Velodyne SPL-1200 Series II Subwoofer Review
- Product Name: Velodyne SPL-1200 Series II Subwoofer
- Manufacturer: Velodyne
- Performance Rating:
- Value Rating:
High Pass Crossover
Low Pass Crossover
- Musical sounding subwoofer
- Remarkable low-end from a small sub
- Easier room placement than many larger subs
- No detachable power cord
- No high level outputs
What makes a good subwoofer? For some, it’s heart-stopping bass with the ability to topple small children. For others, it’s reproduction of such low frequency waves that ocean mammals are summoned to beach themselves during intense passages. For myself, however, I like a “musical” subwoofer that blends well with my reference speakers and doesn’t sound like a tone generator capable of reproducing only a single note. Musical subs are fun to listen to and provide definition and quality to low frequency content. Without a musical sub, you end up with “thump” and little definition below 80Hz.
What makes a good subwoofer? For some, it’s heart-stopping bass with the ability to topple small children. For
others, it’s reproduction of such low frequency waves that ocean mammals are
summoned to beach themselves during intense passages. For myself,
however, I like a
“musical” subwoofer that blends well with my reference speakers and doesn’t sound like a tone generator capable of reproducing only a single
note. Musical subs are fun to listen to and provide definition and
quality to low frequency content. Without a musical sub, you end up
and little definition below 80Hz.
Velodyne has impressed us in the past with its SPL-800 model which
provided exceptional performance in a small package. Now that the SPL
line has gone through a Series II revision, we wanted to see what the
big brother, the SPL-1200 Series II had to offer. Here are a few of the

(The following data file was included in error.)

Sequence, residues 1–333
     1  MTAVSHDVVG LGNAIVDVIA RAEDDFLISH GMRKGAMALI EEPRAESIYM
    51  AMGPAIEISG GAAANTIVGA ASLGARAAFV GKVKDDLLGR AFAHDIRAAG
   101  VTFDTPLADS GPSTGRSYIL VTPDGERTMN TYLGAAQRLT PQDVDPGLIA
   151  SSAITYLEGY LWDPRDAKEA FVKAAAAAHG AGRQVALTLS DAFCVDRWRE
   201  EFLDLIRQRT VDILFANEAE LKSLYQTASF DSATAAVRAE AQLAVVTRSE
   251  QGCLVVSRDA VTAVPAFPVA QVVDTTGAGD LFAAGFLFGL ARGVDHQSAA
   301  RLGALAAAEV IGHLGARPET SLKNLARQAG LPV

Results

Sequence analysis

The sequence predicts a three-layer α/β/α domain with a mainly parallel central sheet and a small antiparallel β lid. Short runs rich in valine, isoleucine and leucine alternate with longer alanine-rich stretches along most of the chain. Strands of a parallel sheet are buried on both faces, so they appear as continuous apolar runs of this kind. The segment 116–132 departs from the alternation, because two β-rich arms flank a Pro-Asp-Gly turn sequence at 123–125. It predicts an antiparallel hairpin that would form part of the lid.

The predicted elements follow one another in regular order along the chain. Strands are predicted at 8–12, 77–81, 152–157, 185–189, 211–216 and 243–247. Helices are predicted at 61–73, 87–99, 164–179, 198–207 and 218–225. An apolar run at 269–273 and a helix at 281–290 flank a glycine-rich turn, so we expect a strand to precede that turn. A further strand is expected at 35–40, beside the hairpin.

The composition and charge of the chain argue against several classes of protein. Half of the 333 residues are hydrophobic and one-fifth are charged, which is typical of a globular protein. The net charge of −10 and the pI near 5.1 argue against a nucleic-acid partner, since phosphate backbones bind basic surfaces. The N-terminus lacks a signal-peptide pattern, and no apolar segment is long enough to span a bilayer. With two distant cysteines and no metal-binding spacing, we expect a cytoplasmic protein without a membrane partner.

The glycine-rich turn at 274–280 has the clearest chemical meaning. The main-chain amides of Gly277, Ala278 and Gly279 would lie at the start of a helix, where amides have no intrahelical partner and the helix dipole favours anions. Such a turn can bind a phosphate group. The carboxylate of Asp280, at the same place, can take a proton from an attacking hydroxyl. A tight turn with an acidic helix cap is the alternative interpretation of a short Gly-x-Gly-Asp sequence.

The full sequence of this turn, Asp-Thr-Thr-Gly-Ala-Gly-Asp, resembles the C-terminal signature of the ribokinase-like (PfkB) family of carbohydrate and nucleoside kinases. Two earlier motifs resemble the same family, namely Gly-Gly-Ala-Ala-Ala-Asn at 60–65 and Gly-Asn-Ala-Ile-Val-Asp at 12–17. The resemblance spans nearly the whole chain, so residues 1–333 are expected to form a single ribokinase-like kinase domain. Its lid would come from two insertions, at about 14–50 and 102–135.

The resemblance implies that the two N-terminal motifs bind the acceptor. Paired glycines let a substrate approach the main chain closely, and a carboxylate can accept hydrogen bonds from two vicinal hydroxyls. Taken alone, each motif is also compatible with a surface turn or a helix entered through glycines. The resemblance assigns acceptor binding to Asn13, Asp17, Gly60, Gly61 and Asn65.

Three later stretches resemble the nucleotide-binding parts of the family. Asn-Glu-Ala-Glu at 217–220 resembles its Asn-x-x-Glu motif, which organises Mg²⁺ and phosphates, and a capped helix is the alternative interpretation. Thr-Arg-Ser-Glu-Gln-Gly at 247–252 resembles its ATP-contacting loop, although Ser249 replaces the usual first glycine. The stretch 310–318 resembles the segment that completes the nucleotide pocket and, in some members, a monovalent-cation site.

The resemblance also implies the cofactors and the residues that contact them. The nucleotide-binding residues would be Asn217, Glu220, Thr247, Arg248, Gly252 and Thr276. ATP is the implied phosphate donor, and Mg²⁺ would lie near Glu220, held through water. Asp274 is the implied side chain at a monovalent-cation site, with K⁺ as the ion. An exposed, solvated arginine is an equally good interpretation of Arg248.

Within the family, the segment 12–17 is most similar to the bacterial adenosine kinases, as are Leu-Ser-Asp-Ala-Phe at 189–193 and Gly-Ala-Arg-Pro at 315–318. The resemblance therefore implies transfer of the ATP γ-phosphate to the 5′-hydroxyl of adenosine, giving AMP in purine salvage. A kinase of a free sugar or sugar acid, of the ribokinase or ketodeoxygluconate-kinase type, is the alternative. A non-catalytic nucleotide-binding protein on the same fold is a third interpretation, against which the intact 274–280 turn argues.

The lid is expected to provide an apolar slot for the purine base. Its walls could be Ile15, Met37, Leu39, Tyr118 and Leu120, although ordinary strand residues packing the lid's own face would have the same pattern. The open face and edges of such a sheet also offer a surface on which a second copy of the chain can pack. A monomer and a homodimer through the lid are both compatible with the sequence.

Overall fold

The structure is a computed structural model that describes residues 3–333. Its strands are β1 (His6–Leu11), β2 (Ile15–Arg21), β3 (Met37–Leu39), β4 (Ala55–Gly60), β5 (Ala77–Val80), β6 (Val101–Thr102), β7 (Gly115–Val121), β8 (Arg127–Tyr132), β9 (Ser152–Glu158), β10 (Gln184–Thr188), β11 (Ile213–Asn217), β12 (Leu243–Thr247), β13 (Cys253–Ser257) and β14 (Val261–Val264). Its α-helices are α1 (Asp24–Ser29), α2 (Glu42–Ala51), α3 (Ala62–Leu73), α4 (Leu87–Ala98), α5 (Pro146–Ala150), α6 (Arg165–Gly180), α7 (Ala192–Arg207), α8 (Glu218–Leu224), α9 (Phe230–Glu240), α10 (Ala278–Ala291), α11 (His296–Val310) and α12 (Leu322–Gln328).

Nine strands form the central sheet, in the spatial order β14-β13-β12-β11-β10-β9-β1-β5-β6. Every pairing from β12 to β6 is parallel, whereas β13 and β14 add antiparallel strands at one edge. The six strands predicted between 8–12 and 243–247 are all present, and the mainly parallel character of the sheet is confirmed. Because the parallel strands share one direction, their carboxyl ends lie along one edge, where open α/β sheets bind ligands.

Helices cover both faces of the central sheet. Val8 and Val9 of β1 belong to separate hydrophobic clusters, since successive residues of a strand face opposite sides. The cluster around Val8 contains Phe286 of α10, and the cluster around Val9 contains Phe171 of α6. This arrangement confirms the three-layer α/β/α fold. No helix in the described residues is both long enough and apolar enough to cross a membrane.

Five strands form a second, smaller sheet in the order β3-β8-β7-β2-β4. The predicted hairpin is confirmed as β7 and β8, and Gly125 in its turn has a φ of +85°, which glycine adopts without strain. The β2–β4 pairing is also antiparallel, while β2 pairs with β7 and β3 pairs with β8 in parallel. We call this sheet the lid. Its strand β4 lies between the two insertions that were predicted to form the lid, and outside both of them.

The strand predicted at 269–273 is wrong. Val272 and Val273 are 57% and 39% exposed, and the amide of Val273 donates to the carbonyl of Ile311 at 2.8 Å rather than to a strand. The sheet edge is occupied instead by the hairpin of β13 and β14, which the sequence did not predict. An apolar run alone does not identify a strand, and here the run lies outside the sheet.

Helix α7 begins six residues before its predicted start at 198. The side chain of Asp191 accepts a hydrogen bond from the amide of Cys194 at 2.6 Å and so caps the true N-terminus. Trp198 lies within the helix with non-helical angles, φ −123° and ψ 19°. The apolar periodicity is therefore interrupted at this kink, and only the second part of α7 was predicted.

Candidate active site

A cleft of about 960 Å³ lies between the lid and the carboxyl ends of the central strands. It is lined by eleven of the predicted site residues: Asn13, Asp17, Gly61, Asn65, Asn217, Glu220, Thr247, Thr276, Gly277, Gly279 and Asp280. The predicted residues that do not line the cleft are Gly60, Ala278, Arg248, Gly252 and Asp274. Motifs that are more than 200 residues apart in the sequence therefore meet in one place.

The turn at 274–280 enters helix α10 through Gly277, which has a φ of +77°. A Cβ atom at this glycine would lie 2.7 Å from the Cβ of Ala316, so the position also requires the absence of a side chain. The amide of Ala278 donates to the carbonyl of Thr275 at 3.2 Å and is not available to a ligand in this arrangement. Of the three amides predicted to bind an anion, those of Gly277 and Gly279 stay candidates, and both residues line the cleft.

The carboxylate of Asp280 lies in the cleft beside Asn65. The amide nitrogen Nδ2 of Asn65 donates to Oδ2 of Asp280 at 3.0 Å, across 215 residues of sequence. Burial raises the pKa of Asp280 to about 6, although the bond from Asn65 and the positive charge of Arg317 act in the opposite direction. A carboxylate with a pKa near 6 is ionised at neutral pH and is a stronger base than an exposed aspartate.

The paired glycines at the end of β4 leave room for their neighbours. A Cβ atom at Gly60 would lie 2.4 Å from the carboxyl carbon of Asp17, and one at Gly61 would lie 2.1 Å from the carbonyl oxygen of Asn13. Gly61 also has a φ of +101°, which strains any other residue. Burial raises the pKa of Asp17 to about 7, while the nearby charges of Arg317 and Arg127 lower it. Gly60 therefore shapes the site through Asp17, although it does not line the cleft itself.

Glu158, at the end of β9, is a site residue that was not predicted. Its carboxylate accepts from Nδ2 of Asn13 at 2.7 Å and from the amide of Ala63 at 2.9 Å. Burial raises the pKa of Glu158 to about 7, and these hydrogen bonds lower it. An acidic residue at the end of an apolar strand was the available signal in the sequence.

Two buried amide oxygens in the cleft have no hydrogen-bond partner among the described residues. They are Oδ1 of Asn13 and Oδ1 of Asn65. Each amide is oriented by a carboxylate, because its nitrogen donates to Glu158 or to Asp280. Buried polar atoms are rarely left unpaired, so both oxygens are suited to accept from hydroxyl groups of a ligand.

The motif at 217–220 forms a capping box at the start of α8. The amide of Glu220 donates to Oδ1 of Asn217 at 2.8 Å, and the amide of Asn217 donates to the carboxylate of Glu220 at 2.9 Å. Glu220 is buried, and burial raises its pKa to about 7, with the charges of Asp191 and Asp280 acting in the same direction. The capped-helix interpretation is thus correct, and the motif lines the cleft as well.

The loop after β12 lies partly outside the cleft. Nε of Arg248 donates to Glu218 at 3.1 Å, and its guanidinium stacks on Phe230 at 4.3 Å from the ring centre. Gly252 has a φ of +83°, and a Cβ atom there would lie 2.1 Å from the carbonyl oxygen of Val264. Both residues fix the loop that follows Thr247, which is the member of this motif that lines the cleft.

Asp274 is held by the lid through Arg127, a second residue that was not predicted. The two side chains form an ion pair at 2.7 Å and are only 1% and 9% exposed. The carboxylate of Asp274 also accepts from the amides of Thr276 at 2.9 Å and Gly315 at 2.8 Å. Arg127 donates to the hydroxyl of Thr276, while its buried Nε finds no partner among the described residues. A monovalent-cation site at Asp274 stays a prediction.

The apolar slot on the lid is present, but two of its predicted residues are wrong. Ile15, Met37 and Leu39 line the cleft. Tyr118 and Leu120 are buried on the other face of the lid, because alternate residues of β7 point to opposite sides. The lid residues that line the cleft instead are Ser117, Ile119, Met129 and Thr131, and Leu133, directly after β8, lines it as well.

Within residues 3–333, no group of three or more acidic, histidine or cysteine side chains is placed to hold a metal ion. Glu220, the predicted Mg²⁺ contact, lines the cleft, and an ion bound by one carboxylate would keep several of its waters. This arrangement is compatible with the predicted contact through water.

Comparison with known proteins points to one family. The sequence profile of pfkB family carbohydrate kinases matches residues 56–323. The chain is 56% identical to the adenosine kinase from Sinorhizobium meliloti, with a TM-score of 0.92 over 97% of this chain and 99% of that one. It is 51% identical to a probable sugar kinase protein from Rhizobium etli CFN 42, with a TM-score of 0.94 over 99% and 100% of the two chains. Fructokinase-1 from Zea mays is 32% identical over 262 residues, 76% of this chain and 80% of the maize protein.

features and upgrades that we found to be notable:
Upgraded Cabinet and Finish
The new Series II subwoofers sport a rounded off cabinet for a nicer, more polished appearance. Our
sample had a piano black finish, but the new units are also available in maple and cherry as well.
The front covers are thin and attach via four small metal pressure pins-
an upgrade from the
plastic pins of the originals. The blue LED was moved from the top to the front-
blessing, but still a neat feature.
Energy Recovery System
All of the new Series II Velodyne subwoofers have the higher power
Energy Recovery System (ERS) amplifiers. They provide 1000 watts RMS
(2000 watts dynamic) of Class-D digital switching amplification. This
is a significant 33-40% power upgrade to the previous SPL models which
had about 600-750 watts RMS per channel (1200-1500 watts dynamic).
Stiff Kevlar-Reinforced Resin Cone
While I never actually shot a bullet into the cone to see how well
the multi-layer Kevlar held up… examine the speaker cone and you will
see that the driver is absolutely stiff, ensuring that the speaker will
be introducing a very minimal amount of distortion into the signal due
to flexing. Move an SPL sub’s driver with your hand and you will notice why it takes a 1000 Wrms
amplifier to effectively drive this machine.
All in all, the entire SPL line of subwoofers has benefited from some significant
Setting up a subwoofer can be difficult and is best done with two people. If, however, you only have
one person, Audioholics helped pioneer a way of placing a subwoofer called “Crawling for
nearly four years ago. Basically, since low frequency information will sound the same
coming or going, the subwoofer can be placed in the listening position. Then, while playing bass-heavy
content, the listener can crawl around and find the best subwoofer placement. Sound odd? Try it – it
really works! We’ve been using this method for quite some time now and it has saved countless
hours of going back and forth between different positions in the room. I found the best spot in my
listening room was the same spot my current subwoofer occupies, the front left corner. This provided